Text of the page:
That's definitely a tension I think a lot of people—New Yorkers or anyone—can relate to: wanting to be in the rush of the city and wanting to find space to reflect. How are you finding the move back?
I love New York City. I'll always love this place. From the first time I came here when I was twelve years old, I just felt like I belonged here. I feel like I can be myself here, and I feel free. Something about the kinetic energy just feels inspiring.
But you can go to the extreme, you know, so since moving back to Brooklyn—it's important for me to take walks and have quiet time and not to over-commit like a crazy person to different things. There's a lot of stuff I say no to. I say no to chaos, I say no to nonsense. I just like to keep my life chill and focused. I just want to be connected to my purpose, spend time with my girlfriend and my purpose and, like, call my mom.
A few years ago I stopped drinking, which put me in this whole space in my mind. I get up really early in the morning now, and that's where I find my quiet, meditative time. It's really about balance and quality of life. I think that can be achieved in the city, still, if you really work on it.
So what's coming next, and what do you have on the radar?
I'm gonna dig deeper. This music is very visual to me, so I'm gonna dig deeper into making more filmic visuals to accompany the music and really put on my art director hat.
I'm never stopping making music. I'm a creative person, that's when I'm at my best, so I'm just gonna keep working on music and fleshing out the album in a visual way.
Kelly De Geer
All the songs are so unique, and I was wondering if there are any stories about any of them you'd be interested in sharing.
For the song "23," the first song on the album, I was getting up every day at like 6AM… I had an endorsement for this livestream app, and I'd get up and livestream me making tracks, and one day I grabbed some drums that I had been working with and started building this track. The words "23" came to me, and I was like "What about 23? I want to feel like we were 23, I want to be as free as we seemed."
I started thinking about being a young person fresh out of college. I was living in Nashville, I had this apartment that was on the tenth floor… As we get older, I think there's this romanticizing of the past, like oh my god what if we could just be 21 again or 23 again. So I started to unpack that illusion of nostalgia.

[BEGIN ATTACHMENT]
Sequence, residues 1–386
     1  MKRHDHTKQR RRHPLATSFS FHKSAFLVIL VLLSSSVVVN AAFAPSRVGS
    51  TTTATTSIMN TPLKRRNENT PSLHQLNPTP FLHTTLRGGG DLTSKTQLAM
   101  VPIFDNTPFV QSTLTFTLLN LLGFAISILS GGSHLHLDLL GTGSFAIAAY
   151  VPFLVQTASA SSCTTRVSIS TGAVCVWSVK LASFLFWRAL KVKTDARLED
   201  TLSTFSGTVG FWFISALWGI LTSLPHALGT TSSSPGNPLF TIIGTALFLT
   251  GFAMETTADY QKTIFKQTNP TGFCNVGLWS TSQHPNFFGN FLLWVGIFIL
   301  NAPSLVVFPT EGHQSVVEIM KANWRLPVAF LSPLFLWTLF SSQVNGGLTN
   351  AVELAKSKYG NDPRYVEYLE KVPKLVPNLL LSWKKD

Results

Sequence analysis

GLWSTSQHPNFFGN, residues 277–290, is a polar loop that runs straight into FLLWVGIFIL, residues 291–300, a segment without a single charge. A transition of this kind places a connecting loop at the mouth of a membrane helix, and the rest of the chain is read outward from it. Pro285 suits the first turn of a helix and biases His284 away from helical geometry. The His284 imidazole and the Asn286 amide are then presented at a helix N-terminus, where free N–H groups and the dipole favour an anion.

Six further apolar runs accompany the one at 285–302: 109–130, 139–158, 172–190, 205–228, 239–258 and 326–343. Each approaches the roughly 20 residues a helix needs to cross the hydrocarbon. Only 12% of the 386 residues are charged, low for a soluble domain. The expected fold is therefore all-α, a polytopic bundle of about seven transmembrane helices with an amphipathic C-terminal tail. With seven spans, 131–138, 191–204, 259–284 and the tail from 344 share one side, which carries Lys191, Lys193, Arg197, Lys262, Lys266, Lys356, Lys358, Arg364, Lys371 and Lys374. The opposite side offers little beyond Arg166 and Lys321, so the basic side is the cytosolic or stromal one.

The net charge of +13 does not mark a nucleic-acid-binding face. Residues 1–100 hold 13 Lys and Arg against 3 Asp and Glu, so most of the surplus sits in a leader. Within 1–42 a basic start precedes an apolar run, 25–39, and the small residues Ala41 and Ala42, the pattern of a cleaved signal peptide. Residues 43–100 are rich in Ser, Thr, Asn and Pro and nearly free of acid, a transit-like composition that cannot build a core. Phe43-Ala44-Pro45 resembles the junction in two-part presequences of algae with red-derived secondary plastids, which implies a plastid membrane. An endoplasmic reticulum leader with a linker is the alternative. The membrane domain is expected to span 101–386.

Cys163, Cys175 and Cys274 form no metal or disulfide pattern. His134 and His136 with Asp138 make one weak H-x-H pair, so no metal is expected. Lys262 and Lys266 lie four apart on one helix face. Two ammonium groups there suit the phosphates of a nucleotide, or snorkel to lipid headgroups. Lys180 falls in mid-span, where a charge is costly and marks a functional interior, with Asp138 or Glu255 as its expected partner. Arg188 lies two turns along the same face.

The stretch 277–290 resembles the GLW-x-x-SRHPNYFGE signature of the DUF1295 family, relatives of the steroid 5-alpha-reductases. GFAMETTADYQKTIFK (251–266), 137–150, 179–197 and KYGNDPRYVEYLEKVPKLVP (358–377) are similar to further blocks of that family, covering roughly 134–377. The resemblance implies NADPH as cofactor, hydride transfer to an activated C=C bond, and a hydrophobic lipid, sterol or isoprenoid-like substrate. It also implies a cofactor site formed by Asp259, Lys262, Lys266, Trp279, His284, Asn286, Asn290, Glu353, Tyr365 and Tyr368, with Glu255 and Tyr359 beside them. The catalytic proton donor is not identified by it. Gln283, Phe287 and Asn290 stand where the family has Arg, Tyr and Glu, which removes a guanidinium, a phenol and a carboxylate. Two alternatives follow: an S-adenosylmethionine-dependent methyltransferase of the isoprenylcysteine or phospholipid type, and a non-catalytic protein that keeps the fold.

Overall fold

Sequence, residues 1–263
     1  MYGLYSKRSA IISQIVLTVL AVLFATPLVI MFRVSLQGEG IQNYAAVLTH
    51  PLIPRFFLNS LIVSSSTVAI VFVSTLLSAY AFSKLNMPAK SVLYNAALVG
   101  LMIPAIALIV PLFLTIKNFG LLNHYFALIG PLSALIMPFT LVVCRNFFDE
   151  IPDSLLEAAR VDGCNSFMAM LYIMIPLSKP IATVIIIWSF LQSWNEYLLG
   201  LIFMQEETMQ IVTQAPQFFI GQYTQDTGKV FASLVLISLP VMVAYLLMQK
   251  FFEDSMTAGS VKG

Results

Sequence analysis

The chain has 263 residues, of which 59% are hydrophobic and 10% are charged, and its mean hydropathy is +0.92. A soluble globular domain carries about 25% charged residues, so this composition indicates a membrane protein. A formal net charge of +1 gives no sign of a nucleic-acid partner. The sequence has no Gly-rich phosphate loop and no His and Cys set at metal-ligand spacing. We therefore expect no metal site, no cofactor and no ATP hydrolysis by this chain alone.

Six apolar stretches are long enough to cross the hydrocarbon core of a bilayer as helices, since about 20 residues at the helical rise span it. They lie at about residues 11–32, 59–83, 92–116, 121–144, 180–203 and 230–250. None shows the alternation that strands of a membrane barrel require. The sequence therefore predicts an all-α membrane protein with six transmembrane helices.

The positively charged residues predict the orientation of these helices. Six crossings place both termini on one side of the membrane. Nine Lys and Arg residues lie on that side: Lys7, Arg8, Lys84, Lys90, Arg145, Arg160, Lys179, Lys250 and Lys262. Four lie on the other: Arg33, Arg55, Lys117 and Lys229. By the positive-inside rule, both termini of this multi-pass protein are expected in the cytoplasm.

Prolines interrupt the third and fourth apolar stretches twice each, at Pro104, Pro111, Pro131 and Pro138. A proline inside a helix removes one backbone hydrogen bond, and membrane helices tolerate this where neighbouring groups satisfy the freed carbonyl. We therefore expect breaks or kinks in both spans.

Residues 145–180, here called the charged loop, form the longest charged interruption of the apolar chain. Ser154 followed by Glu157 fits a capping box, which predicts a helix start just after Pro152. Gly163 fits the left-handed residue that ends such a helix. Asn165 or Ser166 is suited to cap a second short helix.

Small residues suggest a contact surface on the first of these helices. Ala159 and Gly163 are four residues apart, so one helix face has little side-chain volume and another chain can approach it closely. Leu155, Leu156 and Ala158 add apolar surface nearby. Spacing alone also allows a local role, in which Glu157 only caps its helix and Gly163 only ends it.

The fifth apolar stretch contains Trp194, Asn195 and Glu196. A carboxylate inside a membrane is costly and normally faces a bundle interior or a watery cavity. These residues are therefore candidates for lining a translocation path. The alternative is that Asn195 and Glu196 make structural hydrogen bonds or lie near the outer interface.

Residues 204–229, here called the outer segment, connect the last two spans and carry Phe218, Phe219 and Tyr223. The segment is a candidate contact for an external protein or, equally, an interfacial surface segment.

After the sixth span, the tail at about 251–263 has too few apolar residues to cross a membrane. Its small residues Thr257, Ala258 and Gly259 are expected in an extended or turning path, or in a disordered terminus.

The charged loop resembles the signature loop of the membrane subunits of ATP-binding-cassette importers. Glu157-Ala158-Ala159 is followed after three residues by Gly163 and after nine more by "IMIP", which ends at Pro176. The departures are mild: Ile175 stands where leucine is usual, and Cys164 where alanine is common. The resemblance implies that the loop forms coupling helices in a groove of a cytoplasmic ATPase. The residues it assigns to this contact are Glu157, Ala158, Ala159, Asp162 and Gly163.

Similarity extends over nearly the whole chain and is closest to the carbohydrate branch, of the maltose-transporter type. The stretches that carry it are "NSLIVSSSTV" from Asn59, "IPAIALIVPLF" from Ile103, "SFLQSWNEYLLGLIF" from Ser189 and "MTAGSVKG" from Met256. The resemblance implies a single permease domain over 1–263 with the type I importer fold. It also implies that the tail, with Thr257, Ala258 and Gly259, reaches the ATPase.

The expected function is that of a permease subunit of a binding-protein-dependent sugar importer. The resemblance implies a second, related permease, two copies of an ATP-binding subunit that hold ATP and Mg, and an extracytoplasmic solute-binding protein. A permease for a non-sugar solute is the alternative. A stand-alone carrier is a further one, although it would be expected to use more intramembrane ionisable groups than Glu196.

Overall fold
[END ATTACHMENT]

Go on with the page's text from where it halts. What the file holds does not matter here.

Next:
When I was 23, I was f*cked up. I was worried about what I was gonna do with my life; I was in crazy relationships that were non-reciprocal. I was anxious about everything. That song plays with that idea, well I want to be as free as we seemed we were. I want to feel like how we think we felt when we were younger. That's the kind of energy I want to bring to the now, the present.
I think often there is this idealization of youth or just other places or other ages, so it's cool to think how can we use that in the moment.
You released a video alongside your album. What was the inspiration for that?
I met Hugo Ferrocko, the director, when I opened for a premier of a movie he worked on. We hit it off, and when we got together, he was like, I love your music, let's make something… We had this idea to make something that was documentary, part music video—something that starts to unpack some of the themes of this record, which are love and the power of love, identity, consciousness, awakening—and surround it with the beauty of the Rockaways.
Hugo came to me with that treatment after we had that conversation, and I was just blown away. He's a visionary filmmaker. I'm really glad to have had the chance to work with him; he's gonna have an incredible future making things.
Denitia - Touch of the Sky (Short Film) www.youtube.com
You mentioned themes of consciousness and awakening, which are kind of loaded terms, and I'm wondering how you feel like those play out on the album?
I hope this always happens to me in life, but when I pulled out of Brooklyn and went to the Rockaways and when I was writing the album, I felt like I was going through this other level of awareness. Inevitably there was a slowing down, and that led to a lot of reflection and looking around and asking, What is my place in this world, and how do I fit here, and what are we doing?
It was less of a conscious thing; I was just musing and looking around in the world.
On the track "Touch of the Sky," I was thinking about how in black neighborhoods, there are cops everywhere, and it's infuriating. I was hearing so much about black people dying wrongfully at the cops' hands, and I was thinking about how sometimes we wait until people die to lift them up and to lift up their spirits, to focus on them and give them their flowers, so to speak.
That song was written in stream-of-consciousness, when I was thinking, I want to be lifted up now. I want us to have an anthem about being lifted up now, and getting this touch of the sky now. Let's fly now, while we're still alive. Let's raise each other up now.
I'd never really written about anything like that before, and, even so, it's pretty abstract, but I feel like it's another step in my reaching this awareness in thinking about the world around me.
I think consciousness plays out in a lot of different ways in the record. I talk a lot in the record about dreams being essential. In the end of "Touch of the Sky," there's this poem that goes, half my life's been spent dreaming. That's about the power of dreams in marginalized communities and among people who are struggling. Dreams are essential for us. Of course I'm going to be dreaming. My reality is not what it should be, so the dreaming is essential to push me forward into the life that I want.